I’d personally suggest “time” as a way to heal any difference you might have, but I can understand the frustration of “not being in the know.” Not being upfront with those you care about is a douche-baggy thing to do, and frankly can make you think twice about who you choose to befriend. Communication is the number one key in any and all relationships: Business, friendship, romantic engagements and beyond.

Part of the problem might be the fact he might have cared about you, wanted to be with you, but was unable to express it. And because of that, might feel uncomfortable himself with his new fling. However, if he valued the friendship as you surmised, it doesn’t sound like he’s handling it in a very mature way. Better to show your hand and having nothing to hide behind, than to be called on it later.

But regardless what has caused this distance, once you stop communicating, I feel the house of cards can fall and become hard to put back the way it was.

Good luck anyway!!

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87 Comments on "Reader Mail: Ambiguous Relationships"

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sounds utterly frightening.

[quote comment=”87748″][quote comment=”87735″][quote comment=”87709″]I don’t think that merely “considering a potential spouse’s income” is what they’re talking about. I would never have considered a marginally-employed layabout either. But if I went around demanding that my prospects made that much more than I did my choices would be slim and none. Yet women, even successful ones, do this routinely, fully expecting this demand be met.[/quote] Some women maybe, not all. It is just by chance that my husband makes more than I do. I married him because after years of seeing what the world has to offer he was the person that truly appreciated me and me back. I married him because he was happy to find a woman that was geeky, knew who Tesla was, could talk about ancient cultures, or fictional ones. We joke that he married me for my Amiga 4000 with built in VideoToaster, Black and Decker toolkit, and map of Ancient Britain. What I like about him is his mind, which shows up in his art, book collection, DVD collection, and musical tastes. The first time I saw his place I looked at his bookshelves and knew he was someone I wanted to get to know better. Tesla, string theory, The Apocrypha, books on Summaria, Babylon, Ancient Egypt, folklore, fairytales, and so much more. I also wanted someone that would not question my sanity to liked what I liked, but thought it was cool or interesting. I wanted someone that respected my religious choices, that thought… Read more »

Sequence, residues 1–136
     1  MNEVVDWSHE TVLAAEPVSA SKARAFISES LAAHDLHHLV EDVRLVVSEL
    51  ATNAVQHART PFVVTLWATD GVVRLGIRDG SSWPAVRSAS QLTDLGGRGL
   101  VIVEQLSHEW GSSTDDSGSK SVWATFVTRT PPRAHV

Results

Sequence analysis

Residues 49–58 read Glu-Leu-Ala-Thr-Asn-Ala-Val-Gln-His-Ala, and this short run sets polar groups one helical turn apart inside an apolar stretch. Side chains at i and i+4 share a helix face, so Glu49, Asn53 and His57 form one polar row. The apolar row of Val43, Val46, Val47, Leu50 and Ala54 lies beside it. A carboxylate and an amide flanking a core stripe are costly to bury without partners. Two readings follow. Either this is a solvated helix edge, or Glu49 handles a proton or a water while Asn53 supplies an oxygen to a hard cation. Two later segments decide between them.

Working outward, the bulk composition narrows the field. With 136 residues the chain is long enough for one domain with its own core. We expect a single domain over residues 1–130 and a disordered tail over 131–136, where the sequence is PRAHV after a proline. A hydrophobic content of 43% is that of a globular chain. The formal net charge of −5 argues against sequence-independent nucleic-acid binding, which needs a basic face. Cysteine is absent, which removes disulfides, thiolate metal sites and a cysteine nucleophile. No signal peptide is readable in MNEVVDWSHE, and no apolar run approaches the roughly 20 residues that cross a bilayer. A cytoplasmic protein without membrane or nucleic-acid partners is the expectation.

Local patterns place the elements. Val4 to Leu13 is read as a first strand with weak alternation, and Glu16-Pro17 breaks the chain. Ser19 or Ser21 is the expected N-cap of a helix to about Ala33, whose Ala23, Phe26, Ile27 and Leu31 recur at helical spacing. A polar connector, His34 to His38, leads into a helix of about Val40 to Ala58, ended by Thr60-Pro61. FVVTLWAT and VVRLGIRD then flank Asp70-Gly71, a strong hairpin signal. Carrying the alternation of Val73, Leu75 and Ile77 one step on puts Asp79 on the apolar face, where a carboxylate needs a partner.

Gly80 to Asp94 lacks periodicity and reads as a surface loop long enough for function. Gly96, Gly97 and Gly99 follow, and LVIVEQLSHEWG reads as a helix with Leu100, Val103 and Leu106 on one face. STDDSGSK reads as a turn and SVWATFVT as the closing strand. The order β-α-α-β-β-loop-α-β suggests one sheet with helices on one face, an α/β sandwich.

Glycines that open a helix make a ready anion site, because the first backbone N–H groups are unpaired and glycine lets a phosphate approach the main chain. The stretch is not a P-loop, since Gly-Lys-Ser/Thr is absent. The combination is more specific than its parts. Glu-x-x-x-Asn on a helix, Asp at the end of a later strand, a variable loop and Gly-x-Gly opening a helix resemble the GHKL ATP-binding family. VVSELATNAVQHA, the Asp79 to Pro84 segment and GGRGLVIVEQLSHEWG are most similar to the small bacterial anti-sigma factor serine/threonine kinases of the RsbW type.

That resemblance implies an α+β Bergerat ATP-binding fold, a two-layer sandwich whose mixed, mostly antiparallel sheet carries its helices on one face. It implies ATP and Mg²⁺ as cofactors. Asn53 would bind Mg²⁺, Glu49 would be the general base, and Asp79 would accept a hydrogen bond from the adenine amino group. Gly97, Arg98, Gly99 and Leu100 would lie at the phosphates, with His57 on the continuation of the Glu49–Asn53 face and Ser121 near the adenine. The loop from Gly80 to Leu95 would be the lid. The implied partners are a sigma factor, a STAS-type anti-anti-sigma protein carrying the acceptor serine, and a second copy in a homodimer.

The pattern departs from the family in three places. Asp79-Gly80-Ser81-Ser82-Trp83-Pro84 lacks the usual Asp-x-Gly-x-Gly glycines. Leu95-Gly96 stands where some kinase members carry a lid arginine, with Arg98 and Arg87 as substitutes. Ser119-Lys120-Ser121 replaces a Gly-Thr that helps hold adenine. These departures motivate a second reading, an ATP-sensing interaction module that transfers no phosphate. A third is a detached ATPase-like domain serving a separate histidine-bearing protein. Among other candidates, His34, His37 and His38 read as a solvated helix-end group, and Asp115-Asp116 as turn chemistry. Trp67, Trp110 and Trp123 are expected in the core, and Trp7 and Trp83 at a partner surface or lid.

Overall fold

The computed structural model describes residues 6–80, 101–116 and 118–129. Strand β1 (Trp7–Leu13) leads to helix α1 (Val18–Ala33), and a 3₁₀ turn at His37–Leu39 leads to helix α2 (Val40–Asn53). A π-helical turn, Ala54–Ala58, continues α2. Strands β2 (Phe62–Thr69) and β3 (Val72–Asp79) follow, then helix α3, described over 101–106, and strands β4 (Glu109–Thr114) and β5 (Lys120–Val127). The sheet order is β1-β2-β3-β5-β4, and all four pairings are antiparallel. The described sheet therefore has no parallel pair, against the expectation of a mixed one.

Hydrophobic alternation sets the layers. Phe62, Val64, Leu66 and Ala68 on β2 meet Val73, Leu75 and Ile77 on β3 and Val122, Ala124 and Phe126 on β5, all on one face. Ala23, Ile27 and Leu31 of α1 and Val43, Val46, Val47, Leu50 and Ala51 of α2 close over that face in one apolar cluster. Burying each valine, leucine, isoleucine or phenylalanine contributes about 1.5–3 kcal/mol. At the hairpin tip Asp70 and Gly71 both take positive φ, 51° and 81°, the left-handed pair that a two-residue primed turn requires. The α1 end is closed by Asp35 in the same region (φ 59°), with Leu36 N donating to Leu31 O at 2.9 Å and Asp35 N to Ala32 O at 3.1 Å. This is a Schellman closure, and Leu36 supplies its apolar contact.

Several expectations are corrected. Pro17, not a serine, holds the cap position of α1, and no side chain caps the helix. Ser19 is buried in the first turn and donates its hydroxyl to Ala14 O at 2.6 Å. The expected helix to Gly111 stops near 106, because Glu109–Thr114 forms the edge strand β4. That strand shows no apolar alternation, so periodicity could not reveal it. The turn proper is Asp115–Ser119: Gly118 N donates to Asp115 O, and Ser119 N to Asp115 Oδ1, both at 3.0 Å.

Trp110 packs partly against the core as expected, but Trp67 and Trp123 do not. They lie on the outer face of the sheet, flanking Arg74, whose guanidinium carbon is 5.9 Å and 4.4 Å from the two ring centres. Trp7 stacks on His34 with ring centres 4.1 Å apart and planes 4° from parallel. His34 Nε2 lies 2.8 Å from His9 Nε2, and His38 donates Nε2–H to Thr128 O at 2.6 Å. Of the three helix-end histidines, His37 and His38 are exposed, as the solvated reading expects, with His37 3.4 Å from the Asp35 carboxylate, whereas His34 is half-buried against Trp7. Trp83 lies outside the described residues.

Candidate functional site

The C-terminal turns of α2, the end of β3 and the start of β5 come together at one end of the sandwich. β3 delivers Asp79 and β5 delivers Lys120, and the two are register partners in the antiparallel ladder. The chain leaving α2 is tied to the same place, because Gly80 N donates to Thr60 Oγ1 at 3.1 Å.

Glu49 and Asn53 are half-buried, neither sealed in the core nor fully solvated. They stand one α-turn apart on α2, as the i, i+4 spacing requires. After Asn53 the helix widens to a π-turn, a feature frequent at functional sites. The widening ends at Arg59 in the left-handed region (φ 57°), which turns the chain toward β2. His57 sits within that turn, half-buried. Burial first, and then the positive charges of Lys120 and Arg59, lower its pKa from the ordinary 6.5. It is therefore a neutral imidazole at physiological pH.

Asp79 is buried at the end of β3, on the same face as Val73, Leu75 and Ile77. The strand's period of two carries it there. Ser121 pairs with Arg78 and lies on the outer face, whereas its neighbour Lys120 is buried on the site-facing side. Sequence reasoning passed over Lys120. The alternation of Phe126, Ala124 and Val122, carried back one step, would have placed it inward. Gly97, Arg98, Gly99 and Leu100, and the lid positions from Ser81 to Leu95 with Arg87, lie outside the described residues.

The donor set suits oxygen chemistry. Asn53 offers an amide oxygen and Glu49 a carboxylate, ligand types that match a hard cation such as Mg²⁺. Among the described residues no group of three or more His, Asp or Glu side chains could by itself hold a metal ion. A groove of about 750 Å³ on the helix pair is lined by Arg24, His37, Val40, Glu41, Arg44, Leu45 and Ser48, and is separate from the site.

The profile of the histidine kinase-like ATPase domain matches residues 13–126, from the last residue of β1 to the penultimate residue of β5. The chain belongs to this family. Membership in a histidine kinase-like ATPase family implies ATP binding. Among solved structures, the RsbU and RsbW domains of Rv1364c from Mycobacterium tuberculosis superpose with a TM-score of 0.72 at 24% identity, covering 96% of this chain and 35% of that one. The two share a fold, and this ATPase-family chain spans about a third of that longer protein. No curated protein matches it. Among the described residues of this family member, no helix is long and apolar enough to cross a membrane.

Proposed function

Katie I was just messing with you . . kids are great (and I never thought I wanted one either) and will totally change your perspective about yourself and so many other things you thought were important.

Yes still working and far too much . . .


JCIrish- You’re still working… no? I believe my comment referred to men not working and staying at home.

Having my cake and eating it too? I’m not sure about that – I’m saying I’d work all day too. Since I’m pretty sure I don’t want kids, this is all a moot point, but I’m young enough to change my mind.


Katie, I take care of my son all day and then go to work . . . as of yet I have not found him sitting in his own filth… I’ll keep you posted…

The modern women, it seems, wants to eat her cake and have it-to be the power earner yet not the breadwinner, to work and still be taken care of . . .

guys we are screwed these days, our traditional societal roles have been co-opted 😥